The ‘burbs, revisited
Doug Most shared his musings on the adjustment of moving from JP to Needham.
Many of my clients spend time musing over the same thing. Young adults often see themselves as urban people. They have come to enjoy the restaurants, shops, and urban lifestyle. Living in the city, especially one as studenty as Boston, is a fairly easy transition from a suburban adolescence. Many young adults come here for college and stay. They fill apartments in Boston, Cambridge, Brookline and Somerville. A few venture into Arlington and Watertown.
Yet, when they start to have children, many migrate toward the ‘burbs. Is it a notion based on their childhood, or maybe too many reruns of The Brady Bunch? Is it safety? Is it schools? Is it snob appeal?
Why are the suburbs still considered the ideal place to raise kids? Is it really about shooting basketballs in the driveway, throwing balls in the back yard, washing the car, and going to a great school? Mr. Most thought his suburban childhood a good thing and he wants it for his children. Do you agree? Did you make that choice?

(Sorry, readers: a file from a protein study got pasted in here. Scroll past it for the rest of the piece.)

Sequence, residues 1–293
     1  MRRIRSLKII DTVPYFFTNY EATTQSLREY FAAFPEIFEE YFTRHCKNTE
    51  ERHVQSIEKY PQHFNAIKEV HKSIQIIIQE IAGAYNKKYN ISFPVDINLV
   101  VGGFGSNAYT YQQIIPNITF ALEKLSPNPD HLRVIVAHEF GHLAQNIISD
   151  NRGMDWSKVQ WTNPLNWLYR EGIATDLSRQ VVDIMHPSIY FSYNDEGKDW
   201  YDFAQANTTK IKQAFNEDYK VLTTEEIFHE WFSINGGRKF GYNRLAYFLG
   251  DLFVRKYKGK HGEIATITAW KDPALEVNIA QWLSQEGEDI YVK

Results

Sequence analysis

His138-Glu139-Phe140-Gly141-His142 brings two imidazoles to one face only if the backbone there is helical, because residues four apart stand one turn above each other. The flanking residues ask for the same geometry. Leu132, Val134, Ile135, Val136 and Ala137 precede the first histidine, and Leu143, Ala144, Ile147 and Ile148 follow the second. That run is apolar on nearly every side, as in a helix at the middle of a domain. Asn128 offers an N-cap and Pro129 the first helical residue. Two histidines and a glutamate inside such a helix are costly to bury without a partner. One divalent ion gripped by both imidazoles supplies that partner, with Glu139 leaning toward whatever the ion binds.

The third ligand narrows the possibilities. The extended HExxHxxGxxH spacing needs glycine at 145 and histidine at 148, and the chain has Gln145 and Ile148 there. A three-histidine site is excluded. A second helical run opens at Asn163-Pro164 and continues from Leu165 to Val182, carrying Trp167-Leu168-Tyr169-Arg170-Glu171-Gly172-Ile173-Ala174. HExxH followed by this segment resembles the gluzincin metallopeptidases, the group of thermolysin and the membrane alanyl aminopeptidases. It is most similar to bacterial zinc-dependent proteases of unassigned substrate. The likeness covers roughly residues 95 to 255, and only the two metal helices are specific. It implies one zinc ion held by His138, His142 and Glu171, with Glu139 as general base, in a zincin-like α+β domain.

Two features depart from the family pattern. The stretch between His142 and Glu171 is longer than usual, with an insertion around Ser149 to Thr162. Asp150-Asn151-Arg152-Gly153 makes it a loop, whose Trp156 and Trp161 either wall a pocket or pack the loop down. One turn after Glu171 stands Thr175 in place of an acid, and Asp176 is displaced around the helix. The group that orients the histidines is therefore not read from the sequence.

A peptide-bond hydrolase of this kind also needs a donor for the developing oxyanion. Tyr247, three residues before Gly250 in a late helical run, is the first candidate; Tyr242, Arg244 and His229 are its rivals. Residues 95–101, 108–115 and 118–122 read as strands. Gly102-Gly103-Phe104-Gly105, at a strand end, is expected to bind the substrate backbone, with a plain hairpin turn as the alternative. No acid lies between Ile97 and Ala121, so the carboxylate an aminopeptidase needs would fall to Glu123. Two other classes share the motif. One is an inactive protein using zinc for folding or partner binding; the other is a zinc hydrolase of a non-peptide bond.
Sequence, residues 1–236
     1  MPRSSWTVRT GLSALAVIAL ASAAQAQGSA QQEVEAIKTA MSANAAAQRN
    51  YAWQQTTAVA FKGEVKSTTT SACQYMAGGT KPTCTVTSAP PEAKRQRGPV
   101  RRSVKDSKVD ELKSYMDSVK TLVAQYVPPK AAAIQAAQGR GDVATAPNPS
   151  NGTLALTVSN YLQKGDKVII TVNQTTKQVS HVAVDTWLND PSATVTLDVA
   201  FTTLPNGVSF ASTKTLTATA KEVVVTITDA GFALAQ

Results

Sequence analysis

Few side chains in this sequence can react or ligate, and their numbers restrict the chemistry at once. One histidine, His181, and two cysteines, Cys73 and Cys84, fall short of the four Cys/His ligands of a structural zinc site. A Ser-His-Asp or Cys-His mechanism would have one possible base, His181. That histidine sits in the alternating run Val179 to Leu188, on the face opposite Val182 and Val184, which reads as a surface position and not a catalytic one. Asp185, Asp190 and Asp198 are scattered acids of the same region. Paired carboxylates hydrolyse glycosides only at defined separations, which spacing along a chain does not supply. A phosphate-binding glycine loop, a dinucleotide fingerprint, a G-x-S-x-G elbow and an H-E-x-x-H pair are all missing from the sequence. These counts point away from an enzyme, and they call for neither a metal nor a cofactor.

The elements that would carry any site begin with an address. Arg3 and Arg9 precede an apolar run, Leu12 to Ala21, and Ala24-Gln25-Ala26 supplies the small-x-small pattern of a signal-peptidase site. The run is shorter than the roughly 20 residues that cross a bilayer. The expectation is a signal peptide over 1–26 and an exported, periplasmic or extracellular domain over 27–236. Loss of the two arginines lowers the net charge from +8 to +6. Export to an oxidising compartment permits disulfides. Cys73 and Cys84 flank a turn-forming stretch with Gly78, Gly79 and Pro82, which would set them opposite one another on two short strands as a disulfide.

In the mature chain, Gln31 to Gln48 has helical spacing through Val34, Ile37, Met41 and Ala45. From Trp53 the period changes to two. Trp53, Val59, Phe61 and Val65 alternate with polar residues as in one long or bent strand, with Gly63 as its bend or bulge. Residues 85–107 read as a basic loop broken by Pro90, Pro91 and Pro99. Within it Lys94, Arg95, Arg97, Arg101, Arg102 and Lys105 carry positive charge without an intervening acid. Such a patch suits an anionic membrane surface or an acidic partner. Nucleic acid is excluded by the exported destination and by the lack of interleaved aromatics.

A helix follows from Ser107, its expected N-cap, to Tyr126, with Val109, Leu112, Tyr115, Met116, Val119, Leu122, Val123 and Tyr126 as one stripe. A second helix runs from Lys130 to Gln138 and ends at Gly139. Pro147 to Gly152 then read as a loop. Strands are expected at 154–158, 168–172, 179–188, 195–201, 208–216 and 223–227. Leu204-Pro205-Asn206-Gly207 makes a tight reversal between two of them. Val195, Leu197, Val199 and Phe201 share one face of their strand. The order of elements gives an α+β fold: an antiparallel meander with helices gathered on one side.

Millions of children grow up to be successful adults in cities. They go to urban schools, ride buses, use the urban amenities like museums and libraries. They spend less time in cars as teenagers. Is that worth putting up with problem neighbors and the need to teach your children to be quiet in the morning?
The suburbs are not just for adults raising children. There are single people who choose a house in the suburbs over a house or condo in the city. Those are the people who want more space, more quiet and more yard.
Did you make the transition from the city to the suburbs? Was the transition graceful? Painful? What advice do you have for Mr. Most and his family?
I hope that Mr. Most is happy in Needham. It is a nice town. My clients there are happy.
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